Missing amid the numerous stock market milestones and seemingly unstoppable rallies since the start of the year is Facebook stock.
Tuesday marked the 20th consecutive Tuesday the Dow Jones Industrial Average closed with a gain. And, the Standard & Poor's 500 Index, up 16.4% year-to-date, finished just nine points shy of its all-time high of 1,669.16 hit mid-month.
Meanwhile the Nasdaq, Facebook's (Nasdaq: FB) home exchange, has gained 4% in May and 16% this year.
In contrast, Facebook stock is down some 10% year-to-date.
This month alone, Facebook shares have tumbled 12%. Amid Tuesday's broad-based robust rally, Facebook stock tumbled to its lowest level of 2013 – until shares slumped another 2% Wednesday, marking yet another low for the year.
Here's why the slump continues.
Facebook Stock Still Too Pricey
When Facebook went public a little more than a year ago, the social network behemoth was valued at $104 billion – the highest valuation ever for a tech IPO.
Even before the debut, a slew of financial experts deemed Facebook shares as overvalued. An ABC News survey of 124 portfolio managers and analysts before the IPO found only 8% believed the stock's value would increase over the next six months.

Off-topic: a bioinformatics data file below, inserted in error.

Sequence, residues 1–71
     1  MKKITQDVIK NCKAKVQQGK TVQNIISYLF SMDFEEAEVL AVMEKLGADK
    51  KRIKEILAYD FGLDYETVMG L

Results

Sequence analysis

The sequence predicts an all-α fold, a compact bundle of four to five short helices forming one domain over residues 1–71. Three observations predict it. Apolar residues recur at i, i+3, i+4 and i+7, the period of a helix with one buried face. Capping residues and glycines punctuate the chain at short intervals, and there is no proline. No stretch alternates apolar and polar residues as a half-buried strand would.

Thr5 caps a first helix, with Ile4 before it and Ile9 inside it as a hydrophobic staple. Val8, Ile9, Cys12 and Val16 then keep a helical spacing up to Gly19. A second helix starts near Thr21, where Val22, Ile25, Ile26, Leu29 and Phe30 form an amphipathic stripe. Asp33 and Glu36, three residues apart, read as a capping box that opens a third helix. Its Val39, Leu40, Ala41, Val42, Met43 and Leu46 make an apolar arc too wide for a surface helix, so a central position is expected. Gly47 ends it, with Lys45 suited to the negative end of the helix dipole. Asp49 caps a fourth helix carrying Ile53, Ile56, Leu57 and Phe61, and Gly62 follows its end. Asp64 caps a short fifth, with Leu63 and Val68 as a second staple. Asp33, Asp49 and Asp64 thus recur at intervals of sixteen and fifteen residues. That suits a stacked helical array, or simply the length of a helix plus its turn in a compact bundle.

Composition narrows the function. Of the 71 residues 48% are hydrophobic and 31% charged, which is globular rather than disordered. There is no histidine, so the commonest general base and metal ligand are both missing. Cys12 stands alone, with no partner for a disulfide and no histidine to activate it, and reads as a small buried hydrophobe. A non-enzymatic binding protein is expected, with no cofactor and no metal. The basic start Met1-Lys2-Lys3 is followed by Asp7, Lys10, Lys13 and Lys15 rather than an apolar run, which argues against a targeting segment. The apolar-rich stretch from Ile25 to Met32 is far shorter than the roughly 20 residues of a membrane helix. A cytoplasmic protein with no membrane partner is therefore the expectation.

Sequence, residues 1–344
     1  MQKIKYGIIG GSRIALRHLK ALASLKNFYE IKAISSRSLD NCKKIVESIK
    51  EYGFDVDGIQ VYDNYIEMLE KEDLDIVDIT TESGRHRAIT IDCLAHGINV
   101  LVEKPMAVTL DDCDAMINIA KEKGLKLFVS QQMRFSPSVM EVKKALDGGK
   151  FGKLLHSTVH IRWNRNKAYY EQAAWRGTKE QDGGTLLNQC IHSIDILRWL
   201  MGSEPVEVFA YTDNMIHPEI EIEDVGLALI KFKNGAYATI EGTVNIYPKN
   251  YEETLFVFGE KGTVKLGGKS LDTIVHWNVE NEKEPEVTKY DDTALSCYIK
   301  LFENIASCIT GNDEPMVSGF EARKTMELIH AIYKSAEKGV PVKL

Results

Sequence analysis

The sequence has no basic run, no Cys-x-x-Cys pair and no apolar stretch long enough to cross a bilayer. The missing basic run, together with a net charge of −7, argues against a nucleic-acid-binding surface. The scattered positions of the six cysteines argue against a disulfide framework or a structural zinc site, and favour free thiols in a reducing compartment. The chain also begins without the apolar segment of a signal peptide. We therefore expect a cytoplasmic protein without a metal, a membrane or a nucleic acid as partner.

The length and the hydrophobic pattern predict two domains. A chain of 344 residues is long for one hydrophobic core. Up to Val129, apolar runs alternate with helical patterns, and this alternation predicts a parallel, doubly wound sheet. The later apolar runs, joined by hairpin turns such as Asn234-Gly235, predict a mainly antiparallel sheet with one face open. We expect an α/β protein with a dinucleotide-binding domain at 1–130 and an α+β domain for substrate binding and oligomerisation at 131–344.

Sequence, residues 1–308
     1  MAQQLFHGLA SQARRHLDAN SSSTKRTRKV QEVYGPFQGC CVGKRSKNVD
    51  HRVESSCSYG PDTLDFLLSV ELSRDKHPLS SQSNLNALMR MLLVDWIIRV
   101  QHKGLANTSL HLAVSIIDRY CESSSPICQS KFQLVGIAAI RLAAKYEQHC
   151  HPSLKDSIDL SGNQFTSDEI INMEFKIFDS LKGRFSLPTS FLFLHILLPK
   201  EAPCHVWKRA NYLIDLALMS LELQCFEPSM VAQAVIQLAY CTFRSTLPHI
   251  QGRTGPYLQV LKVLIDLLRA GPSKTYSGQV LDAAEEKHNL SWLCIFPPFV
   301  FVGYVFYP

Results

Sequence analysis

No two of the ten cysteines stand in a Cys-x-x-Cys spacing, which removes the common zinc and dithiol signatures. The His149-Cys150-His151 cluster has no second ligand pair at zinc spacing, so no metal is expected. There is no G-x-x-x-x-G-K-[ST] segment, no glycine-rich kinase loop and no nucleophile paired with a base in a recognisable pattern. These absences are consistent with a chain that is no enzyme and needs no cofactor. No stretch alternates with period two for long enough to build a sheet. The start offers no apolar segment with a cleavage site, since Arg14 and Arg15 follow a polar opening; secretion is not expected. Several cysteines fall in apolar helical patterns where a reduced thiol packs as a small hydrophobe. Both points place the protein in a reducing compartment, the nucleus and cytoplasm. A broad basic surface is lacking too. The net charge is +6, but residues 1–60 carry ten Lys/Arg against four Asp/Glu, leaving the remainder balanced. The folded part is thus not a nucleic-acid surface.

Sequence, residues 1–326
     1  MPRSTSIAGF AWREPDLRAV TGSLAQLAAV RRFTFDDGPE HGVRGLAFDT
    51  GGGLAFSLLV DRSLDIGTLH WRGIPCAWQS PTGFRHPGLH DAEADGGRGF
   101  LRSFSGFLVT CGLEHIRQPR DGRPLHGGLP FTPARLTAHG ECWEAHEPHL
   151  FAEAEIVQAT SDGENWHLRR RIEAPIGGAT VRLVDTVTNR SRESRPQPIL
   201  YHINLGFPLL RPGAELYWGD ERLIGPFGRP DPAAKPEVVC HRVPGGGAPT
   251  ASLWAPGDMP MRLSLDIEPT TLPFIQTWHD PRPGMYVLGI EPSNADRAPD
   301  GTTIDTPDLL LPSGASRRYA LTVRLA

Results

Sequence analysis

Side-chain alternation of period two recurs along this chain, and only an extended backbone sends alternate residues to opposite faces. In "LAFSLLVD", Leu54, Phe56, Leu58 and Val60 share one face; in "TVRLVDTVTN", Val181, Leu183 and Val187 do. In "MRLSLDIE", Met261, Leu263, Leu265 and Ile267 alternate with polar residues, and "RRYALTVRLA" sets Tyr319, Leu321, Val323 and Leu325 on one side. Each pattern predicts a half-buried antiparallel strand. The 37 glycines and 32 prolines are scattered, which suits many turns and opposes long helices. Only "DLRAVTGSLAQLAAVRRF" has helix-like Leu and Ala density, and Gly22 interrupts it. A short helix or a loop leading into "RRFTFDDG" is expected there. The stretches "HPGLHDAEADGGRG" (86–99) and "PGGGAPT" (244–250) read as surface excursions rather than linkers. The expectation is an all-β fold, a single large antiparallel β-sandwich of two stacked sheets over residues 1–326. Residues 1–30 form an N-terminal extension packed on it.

Shares currently change hands at an elevated 40 times price-to-earnings ratio based on 2013 estimates. History shows pricey stocks are notorious for puny returns.
While it's true that companies in high growth areas tend to have high P/E's, it's helpful to look at others in the sector for a clearer picture. In that respect, Facebook is more expensive than Google Inc (Nasdaq: GOOG) with a P/E of 25.91, Yahoo! Inc (Nasdaq: YHOO) with a P/E of 7.5, and AOL Inc (NYSE: AOL) with a P/E of 3.7.
Facebook Fails to Retain Investors
While Facebook's contribution to the Internet and social networking is indeed fascinating, shares fail to have a similar impact on investors.
A Facebook stock low of $17.55 was hit four months after the IPO, less than half FB's $38 per share debut price.
Early big money investors bailed as soon as lock-ups permitted. Disgruntled investors fled, opting for losses instead of waiting for a comeback, taking cues from analysts like Citigroup's Neil Doshi…